COVID-19-related budget cuts may assist the proliferation of invasive iguanas in Florida. Credit: Kenzi via Wikimedia Commons
The first time I saw one was around 1986. It was during my first visit to Boca Grande, an island near Fort Myers. A woman was driving me around, showing off the island, when suddenly something that looked like a mini-Godzilla raced across the road in front of us. It was about 4 feet tall, running on its hind legs.
“What the?” I shouted, alarmed.
“Iguana,” said my tour guide, sounding bored. “They’re all over the island. Major nuisance.”
Thanks to the coronavirus, we may soon be seeing a lot more of this particular nuisance.
Iguanas are supposed to be living in South America or Central America, but the invasive reptiles have been roaming Florida’s roads and suburbs for 55 years. That’s according to the Florida Fish and Wildlife Conservation Commission, which considers them such a problem that last year its leaders encouraged homeowners to shoot them on sight.
Green iguanas were first spotted in Coral Gables in 1965. At first, nobody was alarmed, according to a scientific study published in 2007.
“Over the next few decades, many residents enjoyed watching these large exotic lizards, allowing them to roam unmolested on their properties, and at times even feeding them,” the scientists who wrote the study noted. “By the mid-1990s, however, many residents’ attitudes changed as iguana populations exploded, often becoming a nuisance to humans and having a negative impact on the environment.”
By the time the study came out, green iguanas were “widely established along the Atlantic Coast in Broward, Martin, Miami-Dade, Monroe, and Palm Beach counties, and along the Gulf Coast in Collier and Lee counties.” Some people claimed to have seen them further north, in Alachua, Highlands, Hillsborough, Indian River, and St. Lucie counties, the study noted.
Pet owners who either lost or turned them loose bear the blame for bringing them here. Hurricane Andrew in 1992 aided their spread. As workers piled up fallen trees and other debris after the storm, they inadvertently created perfect nesting areas, the study pointed out. During nesting season female iguanas lay between 10 and 70 eggs at a time, guaranteeing the population will grow rapidly.
Iguanas can grow to be 6 feet long from snout to tail. They are voracious eaters. They frequently climb trees, then chew on them. Homeowners in areas with iguanas have to install wire mesh or even electric fences around herbs, shrubs, and trees to protect them from being eaten. Iguanas have even gobbled up rare orchids at Fairchild Tropical Botanical Gardens in Miami. They also stain docks and seawalls with their pee and poop. They can transmit salmonella to humans through their feces.
They also tend to be good swimmers, able to hold their breath for an extended period — which is why they sometimes turn up in people’s toilets. In 2015, for instance, a woman in Fort Lauderdale called Roto-Rooter to clear a clogged commode, only to hear the plumber scream in terror upon yanking out an iguana. (This is not something that ever happens in another state.)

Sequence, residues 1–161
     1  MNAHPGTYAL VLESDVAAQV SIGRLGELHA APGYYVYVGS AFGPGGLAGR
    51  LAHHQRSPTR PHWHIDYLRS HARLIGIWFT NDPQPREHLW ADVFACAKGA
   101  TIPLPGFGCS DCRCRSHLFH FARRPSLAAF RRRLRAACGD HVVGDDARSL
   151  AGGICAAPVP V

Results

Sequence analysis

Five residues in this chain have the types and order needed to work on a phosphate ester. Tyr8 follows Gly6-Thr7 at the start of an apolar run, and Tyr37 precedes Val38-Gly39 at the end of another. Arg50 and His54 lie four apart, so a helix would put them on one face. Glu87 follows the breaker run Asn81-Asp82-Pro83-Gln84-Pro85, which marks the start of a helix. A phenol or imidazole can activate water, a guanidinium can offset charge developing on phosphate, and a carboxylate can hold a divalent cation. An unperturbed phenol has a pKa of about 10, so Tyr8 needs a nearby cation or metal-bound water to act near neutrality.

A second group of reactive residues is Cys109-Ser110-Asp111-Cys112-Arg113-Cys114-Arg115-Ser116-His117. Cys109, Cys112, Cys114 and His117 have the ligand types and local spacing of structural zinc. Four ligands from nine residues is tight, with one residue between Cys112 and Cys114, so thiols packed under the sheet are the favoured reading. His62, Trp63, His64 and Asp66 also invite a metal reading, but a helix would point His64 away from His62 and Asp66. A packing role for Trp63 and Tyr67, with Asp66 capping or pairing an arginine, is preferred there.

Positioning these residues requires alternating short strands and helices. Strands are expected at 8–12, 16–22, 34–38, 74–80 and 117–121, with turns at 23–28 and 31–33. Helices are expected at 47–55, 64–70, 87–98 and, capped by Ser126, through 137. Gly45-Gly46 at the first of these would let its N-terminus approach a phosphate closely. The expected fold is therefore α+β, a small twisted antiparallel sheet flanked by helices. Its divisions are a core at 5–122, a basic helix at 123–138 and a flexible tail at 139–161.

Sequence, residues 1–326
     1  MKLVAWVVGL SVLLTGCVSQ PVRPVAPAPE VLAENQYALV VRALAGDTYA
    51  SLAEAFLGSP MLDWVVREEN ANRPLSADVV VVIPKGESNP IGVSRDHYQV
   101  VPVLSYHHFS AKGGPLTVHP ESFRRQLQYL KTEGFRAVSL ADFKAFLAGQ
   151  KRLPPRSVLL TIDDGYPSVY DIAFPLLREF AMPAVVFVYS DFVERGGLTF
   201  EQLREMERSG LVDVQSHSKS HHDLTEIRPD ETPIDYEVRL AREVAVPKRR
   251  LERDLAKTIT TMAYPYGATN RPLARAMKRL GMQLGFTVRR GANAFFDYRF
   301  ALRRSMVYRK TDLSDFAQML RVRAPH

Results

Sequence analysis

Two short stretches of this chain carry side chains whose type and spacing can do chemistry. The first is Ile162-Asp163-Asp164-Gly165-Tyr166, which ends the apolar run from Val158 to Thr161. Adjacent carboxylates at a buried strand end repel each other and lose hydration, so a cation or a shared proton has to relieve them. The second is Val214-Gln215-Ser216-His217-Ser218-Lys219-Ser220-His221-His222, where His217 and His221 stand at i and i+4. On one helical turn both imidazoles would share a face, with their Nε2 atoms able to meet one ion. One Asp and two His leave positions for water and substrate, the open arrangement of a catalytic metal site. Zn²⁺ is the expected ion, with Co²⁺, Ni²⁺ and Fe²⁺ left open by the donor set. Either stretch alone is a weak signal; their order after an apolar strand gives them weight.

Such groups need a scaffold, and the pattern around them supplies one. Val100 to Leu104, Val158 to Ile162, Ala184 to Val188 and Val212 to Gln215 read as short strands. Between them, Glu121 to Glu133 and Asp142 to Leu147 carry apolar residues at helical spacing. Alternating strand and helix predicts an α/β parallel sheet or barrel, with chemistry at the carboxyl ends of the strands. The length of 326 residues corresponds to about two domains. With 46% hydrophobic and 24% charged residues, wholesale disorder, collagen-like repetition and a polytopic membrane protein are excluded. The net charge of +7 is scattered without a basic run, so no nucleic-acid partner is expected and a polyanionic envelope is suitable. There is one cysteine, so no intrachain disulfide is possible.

Their one weakness is cold weather. During a January cold snap, the National Weather Service in Miami put out an alert headlined, “Falling Iguanas Possible Tonight.”
There’s another species on Boca Grande that’s even more destructive than the green ones. The black spiny-tailed iguanas feed on the eggs of imperiled gopher tortoises and their burrows weaken sand dunes.
Boca Grande’s iguana infestation got so bad by 2006 that the reptiles outnumbered the humans 10-to-one. A year later Lee County imposed an iguana tax — the first of its kind in the country — to pay for the services of a trapper. Fourteen years later, he’s still at work.
Nearby Sanibel followed suit in 2010, hiring a trapper named Chris Harlow to eliminate as many iguanas as possible. He’d set out traps and, when he captured iguanas, he’d put them down with a shot from a BB gun. Thousands of iguanas bit the dust that way — 1,267 in 2019 alone.
But as the Naples Daily News recently reported, the economic damage done by the coronavirus shutdown has prompted Sanibel officials to end their decade-old iguana trapping program.
With the closing of hotels and restaurants catering to tourists, the city couldn’t afford the $40,000 cost any longer. The existing contract ended April 30.
You can guess what happens next.
“Iguanas are relentless,” Harlow told me this week. With no trapper to restrain their population, he said, “they’re going to reproduce like crazy.” Look for them to spread all over the island.
That’s a problem for more than just Sanibel residents. Iguanas don’t stay in one spot. They know how to hitch a ride on cars and trucks going over to the mainland. I know this because when I was leaving Boca Grande in 1986, I spotted one clinging to a ladder on a painter’s van driving across the bridge.
The news has been full of stories about how the pandemic stay-home orders have helped make the air cleaner and the water clearer, as well as cutting the emissions driving climate change. The absence of humans, said the stories, had aided the revival of nature.
But nature does not discriminate when it comes to which animals or plants benefit most from a lack of human interference. The ones that eat the most and breed the fastest are likely to be the winners. That’s a good description of the iguanas that — with the help of careless humans — invaded Florida so many years ago.
So in a few weeks, better start checking in your toilets and trees for small-scale T. Rexes, and pray that this winter includes an extreme cold snap or two.
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